Head of Biological Sciences, Associate Professor Ian Whittington helped to collate and distill much of the scientific content on the site. “Scientists at the Museum have always been a part of the academic tradition of contributing scholarly chapters, books and articles about the discoveries we make, and the interpretation of artefacts and objects we study. Our new web site provides us with the flexibility to promote what we do more generally and more dynamically. Where possible, we aim to link accessible overviews of our recent and current research to the published papers, reports, external web sites and additional information such as images, narratives about objects, more in-depth coverage and videos.”
It also offers the opportunity to portray the sheer size, scale and diversity of the many rich collections that the Museum curates and from which our scientists derive much of their data.
“It’s the galleries, exhibitions, community programs and Information Centre that most visitors are aware of. But the Science Centre behind the Museum is where most of our scientists and collection managers work, with two or three off-site facilities that house other artefacts and specimens that require more space. Via the web site, we’ve tried to indicate the extent of our collections in terms of numbers of items, their uniqueness and show images to capture their scale,” said Professor Whittington.
A vibrant and engaging educational resource
Over 33,000 school children visit the Museum each year. The new website allows educators to access each gallery and view the Australian Curriculum-based programs that are offered for each year level.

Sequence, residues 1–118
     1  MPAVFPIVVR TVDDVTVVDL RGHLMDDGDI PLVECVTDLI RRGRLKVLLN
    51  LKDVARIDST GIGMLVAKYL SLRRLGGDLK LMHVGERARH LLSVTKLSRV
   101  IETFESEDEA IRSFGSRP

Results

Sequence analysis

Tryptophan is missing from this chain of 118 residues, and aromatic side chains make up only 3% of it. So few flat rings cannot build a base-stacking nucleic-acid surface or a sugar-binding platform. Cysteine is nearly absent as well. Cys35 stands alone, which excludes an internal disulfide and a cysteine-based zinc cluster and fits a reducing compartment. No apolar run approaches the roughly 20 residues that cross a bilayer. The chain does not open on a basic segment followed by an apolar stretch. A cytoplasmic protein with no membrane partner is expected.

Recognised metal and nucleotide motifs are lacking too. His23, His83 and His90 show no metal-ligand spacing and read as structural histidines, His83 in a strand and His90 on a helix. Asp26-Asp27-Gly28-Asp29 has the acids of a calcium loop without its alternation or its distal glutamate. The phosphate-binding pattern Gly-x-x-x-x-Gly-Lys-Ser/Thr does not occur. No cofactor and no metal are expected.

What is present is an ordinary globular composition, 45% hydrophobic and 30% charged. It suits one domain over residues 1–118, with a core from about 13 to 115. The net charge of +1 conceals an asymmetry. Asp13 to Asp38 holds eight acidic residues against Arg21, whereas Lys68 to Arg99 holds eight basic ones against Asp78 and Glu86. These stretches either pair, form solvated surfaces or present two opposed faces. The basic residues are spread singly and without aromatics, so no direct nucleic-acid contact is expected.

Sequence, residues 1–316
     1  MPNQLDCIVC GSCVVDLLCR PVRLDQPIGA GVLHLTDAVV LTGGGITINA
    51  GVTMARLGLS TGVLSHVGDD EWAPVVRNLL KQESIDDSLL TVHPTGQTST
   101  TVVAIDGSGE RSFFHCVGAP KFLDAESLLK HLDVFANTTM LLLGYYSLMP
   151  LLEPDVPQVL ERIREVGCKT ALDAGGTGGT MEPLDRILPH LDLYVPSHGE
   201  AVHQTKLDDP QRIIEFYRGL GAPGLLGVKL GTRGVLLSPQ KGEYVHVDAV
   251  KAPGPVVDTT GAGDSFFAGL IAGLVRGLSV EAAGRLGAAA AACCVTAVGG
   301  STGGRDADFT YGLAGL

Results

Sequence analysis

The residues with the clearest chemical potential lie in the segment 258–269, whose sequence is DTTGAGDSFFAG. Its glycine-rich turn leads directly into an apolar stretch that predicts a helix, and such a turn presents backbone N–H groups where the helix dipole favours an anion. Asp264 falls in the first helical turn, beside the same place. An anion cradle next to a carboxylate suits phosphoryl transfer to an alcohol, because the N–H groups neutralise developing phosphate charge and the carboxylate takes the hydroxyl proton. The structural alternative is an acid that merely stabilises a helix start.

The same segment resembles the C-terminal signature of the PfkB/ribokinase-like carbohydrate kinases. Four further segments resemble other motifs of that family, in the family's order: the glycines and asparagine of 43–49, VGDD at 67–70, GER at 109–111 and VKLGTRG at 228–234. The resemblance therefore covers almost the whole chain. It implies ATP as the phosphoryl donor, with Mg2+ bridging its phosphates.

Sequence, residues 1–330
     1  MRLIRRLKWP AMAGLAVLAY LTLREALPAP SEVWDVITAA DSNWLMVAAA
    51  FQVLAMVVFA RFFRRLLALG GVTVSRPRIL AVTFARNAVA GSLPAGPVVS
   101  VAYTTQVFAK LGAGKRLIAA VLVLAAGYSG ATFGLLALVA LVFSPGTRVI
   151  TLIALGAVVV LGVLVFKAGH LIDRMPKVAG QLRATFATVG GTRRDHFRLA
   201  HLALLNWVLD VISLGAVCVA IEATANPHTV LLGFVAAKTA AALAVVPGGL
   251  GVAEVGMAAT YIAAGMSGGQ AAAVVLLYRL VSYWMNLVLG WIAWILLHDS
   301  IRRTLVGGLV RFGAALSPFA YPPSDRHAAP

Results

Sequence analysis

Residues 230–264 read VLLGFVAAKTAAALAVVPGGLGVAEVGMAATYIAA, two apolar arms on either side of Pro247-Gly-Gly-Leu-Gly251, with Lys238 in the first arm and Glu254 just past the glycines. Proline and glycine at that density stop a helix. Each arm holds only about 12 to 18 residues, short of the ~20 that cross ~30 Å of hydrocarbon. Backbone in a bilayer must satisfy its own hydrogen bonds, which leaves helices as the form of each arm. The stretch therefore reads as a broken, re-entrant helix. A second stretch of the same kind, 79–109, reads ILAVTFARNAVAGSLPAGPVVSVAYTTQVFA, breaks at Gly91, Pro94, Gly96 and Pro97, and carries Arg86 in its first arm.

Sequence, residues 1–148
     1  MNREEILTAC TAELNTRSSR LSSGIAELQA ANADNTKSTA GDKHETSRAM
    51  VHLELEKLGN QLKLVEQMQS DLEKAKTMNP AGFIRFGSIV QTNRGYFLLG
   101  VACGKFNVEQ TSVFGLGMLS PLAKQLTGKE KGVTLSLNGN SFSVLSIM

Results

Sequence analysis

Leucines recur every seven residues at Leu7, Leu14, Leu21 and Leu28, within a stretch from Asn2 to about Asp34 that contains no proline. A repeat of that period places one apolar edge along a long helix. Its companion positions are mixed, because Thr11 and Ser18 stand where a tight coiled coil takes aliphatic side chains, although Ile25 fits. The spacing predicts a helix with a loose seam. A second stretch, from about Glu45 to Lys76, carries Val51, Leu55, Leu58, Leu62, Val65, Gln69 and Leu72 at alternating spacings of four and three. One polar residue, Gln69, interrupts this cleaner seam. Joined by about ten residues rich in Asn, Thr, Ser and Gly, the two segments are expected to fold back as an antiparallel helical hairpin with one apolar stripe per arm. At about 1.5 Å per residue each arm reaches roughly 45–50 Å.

“It also provides educators with resource materials and links that they can use in their classrooms. The new site gives educators the opportunity to book a school visit online,” says Karen Hogan, Education Manager at the South Australian Museum.
“A link for students has also been created allowing Secondary students to source support for their Research Projects and to access the Education Team and scientists based at the Museum for specialist information about our research and collections.”
A learning hub for remote residents
The Museum has travelled over 45,000km in South Australia since 2003, taking Museum collections and experts from its North Terrace premises all over the State. We want those who are unable to visit us in the city to experience the same benefits of our research and collections as those who wander our galleries and meet our staff. The website offers an interactive experience for people all over the world.
The Museum regularly receives correspondence from both website visitors and scientific researchers who benefit from keeping up-to-date with our activities online.
The image-rich site features online bookings to some of the Museum’s most popular programs and an online donation form for the first time in the Museum’s history.
It also allows more of a dialogue between visitors and staff, with enquiry forms going directly to the respective area.
The responsive nature of the site means that it will still be user-friendly on a tablet or smartphone, not just a desktop computer.
An evolutionary site
This is phase one of the South Australian Museum website. Phase two includes more advanced features to showcase our digitised collections. This better preserves the vital knowledge that can be obtained from our items and increases the impact of our research around the world. Aboriginal descendants will have greater access to the history of their cultures and scientists will be able to see the millions of items we hold without actually visiting the institution.
Stay tuned as the Museum undergoes a digital revolution to share our love of science!